Robert Niles, the editor of the USC Annenberg Online Journalism review, has a nifty commentary about a publisher in his hometown of Pasadena who has decided to outsource reporting of city council proceedings to contract hires in -- Bangalore.
As originally reported in Los Angeles Times, the move will allow web publisher James Macpherson of PasadenaNow to pay two reporters less than $20,000, considerably less than if he tried to cover the council from, oh, say, Pasadena.
As easy as it is to scoff and start a office pool about when the first embarrassing gaffe will be published, this looks like an honest attempt to figure out how to cover important local stories that might not otherwise get covered by an enterprising "little guy" publisher.
It's not so much the distance but the credibility of expertise that matters.
But there are real things to worry about. It's not so much the distance but the credibility of expertise that matters. Anyone who has covered a large territory (I covered New England for Reuters in Boston) uses the phone all time time to report "from" places we aren't. If webcasts had been available back when I'm not sure I would have traveled to many or any shareholder's meetings.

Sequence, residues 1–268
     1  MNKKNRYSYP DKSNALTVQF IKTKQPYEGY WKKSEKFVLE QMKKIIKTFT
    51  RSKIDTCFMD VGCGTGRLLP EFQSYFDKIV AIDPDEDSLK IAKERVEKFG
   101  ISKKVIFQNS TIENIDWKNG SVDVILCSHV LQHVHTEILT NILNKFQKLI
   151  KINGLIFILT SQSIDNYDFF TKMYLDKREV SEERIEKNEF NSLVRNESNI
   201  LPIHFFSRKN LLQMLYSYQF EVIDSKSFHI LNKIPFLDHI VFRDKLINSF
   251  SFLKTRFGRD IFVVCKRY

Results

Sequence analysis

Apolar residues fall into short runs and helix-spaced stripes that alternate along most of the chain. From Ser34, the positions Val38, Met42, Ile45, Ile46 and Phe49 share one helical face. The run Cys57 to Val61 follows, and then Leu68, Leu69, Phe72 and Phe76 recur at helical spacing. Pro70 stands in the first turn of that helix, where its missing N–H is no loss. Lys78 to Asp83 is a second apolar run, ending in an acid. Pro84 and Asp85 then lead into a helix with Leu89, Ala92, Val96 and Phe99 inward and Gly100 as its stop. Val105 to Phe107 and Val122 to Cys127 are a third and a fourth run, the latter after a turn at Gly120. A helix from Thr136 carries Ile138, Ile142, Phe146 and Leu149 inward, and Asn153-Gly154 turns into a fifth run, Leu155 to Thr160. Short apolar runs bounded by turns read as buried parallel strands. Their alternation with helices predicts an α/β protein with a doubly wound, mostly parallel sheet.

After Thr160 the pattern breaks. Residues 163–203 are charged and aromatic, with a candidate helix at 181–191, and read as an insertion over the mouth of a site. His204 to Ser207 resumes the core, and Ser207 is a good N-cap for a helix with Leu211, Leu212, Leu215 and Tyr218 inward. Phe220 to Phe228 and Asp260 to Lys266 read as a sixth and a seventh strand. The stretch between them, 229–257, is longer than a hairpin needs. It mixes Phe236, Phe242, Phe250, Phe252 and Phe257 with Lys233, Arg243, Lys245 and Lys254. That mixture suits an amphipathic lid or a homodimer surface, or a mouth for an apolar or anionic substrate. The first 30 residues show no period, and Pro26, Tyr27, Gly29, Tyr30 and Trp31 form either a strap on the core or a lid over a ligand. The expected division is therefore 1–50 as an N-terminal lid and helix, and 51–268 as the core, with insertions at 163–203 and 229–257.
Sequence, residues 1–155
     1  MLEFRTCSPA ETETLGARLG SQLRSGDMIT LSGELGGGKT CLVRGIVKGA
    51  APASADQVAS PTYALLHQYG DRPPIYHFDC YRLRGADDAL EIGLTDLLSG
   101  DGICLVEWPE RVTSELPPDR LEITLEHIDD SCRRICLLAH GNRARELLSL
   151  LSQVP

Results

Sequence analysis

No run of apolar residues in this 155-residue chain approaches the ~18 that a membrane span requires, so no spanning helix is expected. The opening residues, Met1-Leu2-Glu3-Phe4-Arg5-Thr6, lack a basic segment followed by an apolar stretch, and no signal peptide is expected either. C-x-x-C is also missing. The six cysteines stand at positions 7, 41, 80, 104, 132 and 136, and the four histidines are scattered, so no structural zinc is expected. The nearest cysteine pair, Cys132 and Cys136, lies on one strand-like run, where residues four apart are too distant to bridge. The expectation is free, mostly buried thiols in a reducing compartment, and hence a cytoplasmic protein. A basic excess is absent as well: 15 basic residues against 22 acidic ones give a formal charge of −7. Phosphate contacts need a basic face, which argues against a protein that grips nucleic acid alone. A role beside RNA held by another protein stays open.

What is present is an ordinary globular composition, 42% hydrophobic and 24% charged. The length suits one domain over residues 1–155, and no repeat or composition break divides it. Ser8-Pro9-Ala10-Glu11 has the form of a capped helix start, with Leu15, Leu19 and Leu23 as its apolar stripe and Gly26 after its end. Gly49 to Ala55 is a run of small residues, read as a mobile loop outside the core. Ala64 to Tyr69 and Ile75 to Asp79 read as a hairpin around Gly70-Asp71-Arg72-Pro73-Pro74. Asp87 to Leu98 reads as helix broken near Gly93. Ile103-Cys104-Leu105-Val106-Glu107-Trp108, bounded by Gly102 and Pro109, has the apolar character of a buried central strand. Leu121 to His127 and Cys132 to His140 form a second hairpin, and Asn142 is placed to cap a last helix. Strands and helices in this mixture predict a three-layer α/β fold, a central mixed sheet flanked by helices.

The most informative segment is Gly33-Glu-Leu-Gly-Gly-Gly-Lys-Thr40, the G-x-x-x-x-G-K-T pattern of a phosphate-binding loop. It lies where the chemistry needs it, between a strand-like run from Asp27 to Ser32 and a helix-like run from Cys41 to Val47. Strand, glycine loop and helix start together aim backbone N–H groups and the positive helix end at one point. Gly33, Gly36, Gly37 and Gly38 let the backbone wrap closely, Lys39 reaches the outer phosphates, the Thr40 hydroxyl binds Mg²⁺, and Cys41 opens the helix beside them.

Too Far from the Story?
But it is really is difficult to see how the Bangalore reporters can ever understand the story in the way that people in the area do, immersed as the locals are in their surroundings and engaged as they are with their neighbors, local TV, the free paper, etc.
Reuters offshored tons of financial reporting to Bangalore but their stated strategy (besides saving tons of money) was to "free up" people near the stories to do more real reporting (interviews), instead of the rip and storify stuff the Indian unit was meant to do with corporate releases. The commodity work was going to get done either way, but it gets done cheaper (and more of it gets done) with cheaper labor.
Macpherson will edit the stories and shoot his reporters interviews he does to add local flavor to stories they write, so the collaboration and quality control on this small scale bodes well. "When you instant-message someone in Mumbai, it's like looking over her shoulder," he tells the LATimes.
For Macpherson it sounds like outsourcing is the only way to cover this story affordably -- or so he thinks. I wonder if anyone else will enter the space using motivated locals or students in a citizen's (journalism) revolt. Nothing is cheaper than free, after all.
Macpherson's approach will either work or it won't. His readers will decide. If it succeeds he will have created a market someone else may swoop in to do in a different, dare I say, better way.